Recently, organic electronic devices have gained considerable interests due to their wide range of applications creditable to the huge variety of constituent organic molecules. Such diverse applicability can be attributed to versatility derived from their lightness, ease of enlargement and softness. Unfortunately, the miniaturization of orientation structure remains a challenge for achieving the large-scale integration and functional improvement of organic electronic devices. Scholars have attempted to control the orientation of organic thin films utilizing various technique best suited for formation of homogeneous films with lying or standing orientations on a substrate. Unluckily, such attempts have proven futile since the orientations are difficult to miniaturize due to the influence of homogeneous external fields. Directed self-assembly is a promising technique proposed for achieving both orientation control and micro patterning for block co-polymer thin films, however, at the expense of several drawbacks. With time, it has been observed that if a carbon atom of graphene is substituted for another heteroatom, the absorption of small molecules depends strongly on the dopant atom. Inspired by this, we proposed that heteroatom doping may be an efficient means of controlling the adsorption properties of polymer molecules.
Atomic Energy Agency researchers in Japan, proposed a study on the orientation change of polydimethylsilane (PDMS) thin films deposited on highly oriented pyrolytic graphite (HOPG) substrates with and without surface modification by a N2+ ion beam using near-edge X-ray absorption fine structure (NEXAFS) spectroscopy. They hoped to clarify the orientations of the PDMS films on the non-irradiated, N2+-irradiated and Ar+-irradiated substrates respectively. They aimed at developing a novel micro-orientation control technique for various organic thin films. Their research work is now published in the journal, Applied Surface Science.
The researchers commenced their empirical work by preparing HOPG samples and performing ion beam irradiation using cold-cathode ion gun. The research team then employed silicon K-edge NEXAFS so as to clarify the electronic structures and orientations of PDMS thin films because of element specificity due to silicon 1s core excitation and polarization dependence of X-rays. They also studied the orientation of a PDMS thin film on the highly oriented pyrolytic graphite substrate irradiated by Ar+ ions to compare the effect of the radiation damage induced by the ion beam.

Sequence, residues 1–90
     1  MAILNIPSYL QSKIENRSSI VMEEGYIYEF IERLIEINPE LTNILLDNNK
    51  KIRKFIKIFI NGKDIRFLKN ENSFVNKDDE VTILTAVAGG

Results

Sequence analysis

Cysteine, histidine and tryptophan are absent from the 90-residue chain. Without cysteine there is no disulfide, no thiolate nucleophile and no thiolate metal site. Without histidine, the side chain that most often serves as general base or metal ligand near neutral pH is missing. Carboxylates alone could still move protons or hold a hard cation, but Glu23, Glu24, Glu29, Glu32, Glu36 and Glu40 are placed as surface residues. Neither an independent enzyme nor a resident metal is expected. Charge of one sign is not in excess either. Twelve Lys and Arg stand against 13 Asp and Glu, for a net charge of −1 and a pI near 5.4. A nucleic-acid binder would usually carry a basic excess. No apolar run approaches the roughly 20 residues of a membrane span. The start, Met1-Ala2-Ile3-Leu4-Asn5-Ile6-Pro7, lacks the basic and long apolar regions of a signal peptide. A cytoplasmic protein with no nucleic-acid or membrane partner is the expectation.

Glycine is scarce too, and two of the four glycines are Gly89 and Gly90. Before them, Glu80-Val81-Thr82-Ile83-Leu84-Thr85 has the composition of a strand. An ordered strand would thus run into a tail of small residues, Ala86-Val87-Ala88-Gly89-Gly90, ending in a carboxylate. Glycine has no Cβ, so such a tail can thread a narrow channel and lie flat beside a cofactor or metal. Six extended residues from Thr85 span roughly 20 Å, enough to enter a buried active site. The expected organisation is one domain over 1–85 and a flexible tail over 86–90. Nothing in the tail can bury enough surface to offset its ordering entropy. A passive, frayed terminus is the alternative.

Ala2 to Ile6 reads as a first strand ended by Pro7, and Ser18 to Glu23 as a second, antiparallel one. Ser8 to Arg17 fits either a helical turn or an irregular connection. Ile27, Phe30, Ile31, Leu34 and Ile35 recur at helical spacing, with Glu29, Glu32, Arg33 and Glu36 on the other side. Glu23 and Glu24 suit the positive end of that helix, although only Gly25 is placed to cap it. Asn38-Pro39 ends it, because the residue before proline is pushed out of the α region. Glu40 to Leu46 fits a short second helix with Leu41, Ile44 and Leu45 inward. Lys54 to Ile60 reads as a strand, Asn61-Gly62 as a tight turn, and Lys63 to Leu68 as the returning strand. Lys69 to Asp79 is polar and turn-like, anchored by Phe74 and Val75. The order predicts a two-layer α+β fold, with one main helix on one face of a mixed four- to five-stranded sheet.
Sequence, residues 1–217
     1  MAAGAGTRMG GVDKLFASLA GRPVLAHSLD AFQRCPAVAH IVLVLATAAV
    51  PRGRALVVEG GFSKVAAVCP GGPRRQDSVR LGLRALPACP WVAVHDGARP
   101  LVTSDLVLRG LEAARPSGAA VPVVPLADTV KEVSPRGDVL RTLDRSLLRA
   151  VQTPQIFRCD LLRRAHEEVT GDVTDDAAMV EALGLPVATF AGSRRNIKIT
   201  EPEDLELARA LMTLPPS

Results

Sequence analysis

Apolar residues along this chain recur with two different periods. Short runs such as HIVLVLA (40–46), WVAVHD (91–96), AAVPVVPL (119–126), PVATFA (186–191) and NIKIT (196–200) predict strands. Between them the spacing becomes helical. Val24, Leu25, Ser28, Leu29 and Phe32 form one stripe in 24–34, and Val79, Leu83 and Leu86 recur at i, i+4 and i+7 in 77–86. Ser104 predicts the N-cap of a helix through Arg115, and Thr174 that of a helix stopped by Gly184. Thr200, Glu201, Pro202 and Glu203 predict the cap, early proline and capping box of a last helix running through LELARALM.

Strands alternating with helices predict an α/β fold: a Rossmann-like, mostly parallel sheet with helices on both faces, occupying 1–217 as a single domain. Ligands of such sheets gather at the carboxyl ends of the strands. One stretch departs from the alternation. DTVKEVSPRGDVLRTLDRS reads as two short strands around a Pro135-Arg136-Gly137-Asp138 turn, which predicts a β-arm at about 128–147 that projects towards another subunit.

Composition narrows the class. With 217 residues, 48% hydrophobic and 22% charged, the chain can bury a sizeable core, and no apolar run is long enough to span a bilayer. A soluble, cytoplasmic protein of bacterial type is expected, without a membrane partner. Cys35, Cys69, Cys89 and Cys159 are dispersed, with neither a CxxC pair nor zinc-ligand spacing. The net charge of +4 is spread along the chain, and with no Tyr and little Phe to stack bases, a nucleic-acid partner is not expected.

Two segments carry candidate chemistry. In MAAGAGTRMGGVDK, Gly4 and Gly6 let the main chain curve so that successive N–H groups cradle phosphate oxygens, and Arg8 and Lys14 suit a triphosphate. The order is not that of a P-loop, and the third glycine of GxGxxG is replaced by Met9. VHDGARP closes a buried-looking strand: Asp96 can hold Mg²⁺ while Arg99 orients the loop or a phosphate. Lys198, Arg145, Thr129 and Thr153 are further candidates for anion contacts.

Using first-principles calculations, Iwao Shimoyama and colleagues were able to interpret the NEXAFS spectra theoretically. Consequently, they clarified that PDMS films have lying, standing, and random orientations on the non-irradiated, N2+-irradiated, and Ar+-irradiated substrates, respectively. Furthermore, the research team noted that the photoemission electron microscopy indicated that the orientation of a PDMS film could be controlled with microstructures on the order of micrometers by separating irradiated and non-irradiated areas on the graphite surface.
Herein, the silicon K-edge NEXAFS spectra of PDMS thin films deposited on non-irradiated, Ar+-irradiated and N2+-irradiated highly oriented pyrolytic graphite substrates have been presented. The results of the three peaks observed in the NEXAFS spectra have been interpreted using first principles method. Clarification of the PDMS films orientations on the non-irradiated, Ar+-irradiated, and N2+-irradiated substrates have also been presented. It has been seen that, from the photoelectron emission microscopy measurements, micro-orientation control of polydimethylsiloxane on the order of micrometer is possible. Therefore, the technique: surface modification by heteroatom doping, can be developed in to a novel micro-orientation control technique for various organic thin films.
Iwao Shimoyama, Yuji Baba, Norie Hirao. Micro-orientation control of silicon polymer thin films on graphite surfaces modified by heteroatom doping. Applied Surface Science volume 405 (2017) pages 255–266.
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